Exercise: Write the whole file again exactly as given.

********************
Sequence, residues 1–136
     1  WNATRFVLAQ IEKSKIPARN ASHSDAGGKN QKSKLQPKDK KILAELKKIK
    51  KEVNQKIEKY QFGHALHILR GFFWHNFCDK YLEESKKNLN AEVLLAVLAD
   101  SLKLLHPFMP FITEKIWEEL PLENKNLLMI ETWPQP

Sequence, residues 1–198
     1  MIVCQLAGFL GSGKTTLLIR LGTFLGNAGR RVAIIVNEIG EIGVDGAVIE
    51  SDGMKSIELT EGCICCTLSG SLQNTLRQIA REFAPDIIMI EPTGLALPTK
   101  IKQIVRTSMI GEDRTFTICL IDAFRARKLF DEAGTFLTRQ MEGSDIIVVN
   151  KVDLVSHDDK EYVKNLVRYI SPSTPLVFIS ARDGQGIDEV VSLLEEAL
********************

Sequence, residues 1–136
     1  WNATRFVLAQ IEKSKIPARN ASHSDAGGKN QKSKLQPKDK KILAELKKIK
    51  KEVNQKIEKY QFGHALHILR GFFWHNFCDK YLEESKKNLN AEVLLAVLAD
   101  SLKLLHPFMP FITEKIWEEL PLENKNLLMI ETWPQP

Sequence, residues 1–198
     1  MIVCQLAGFL GSGKTTLLIR LGTFLGNAGR RVAIIVNEIG EIGVDGAVIE
    51  SDGMKSIELT EGCICCTLSG SLQNTLRQIA REFAPDIIMI EPTGLALPTK
   101  IKQIVRTSMI GEDRTFTICL IDAFRARKLF DEAGTFLTRQ MEGSDIIVVN
   151  KVDLVSHDDK EYVKNLVRYI SPSTPLVFIS ARDGQGIDEV VSLLEEAL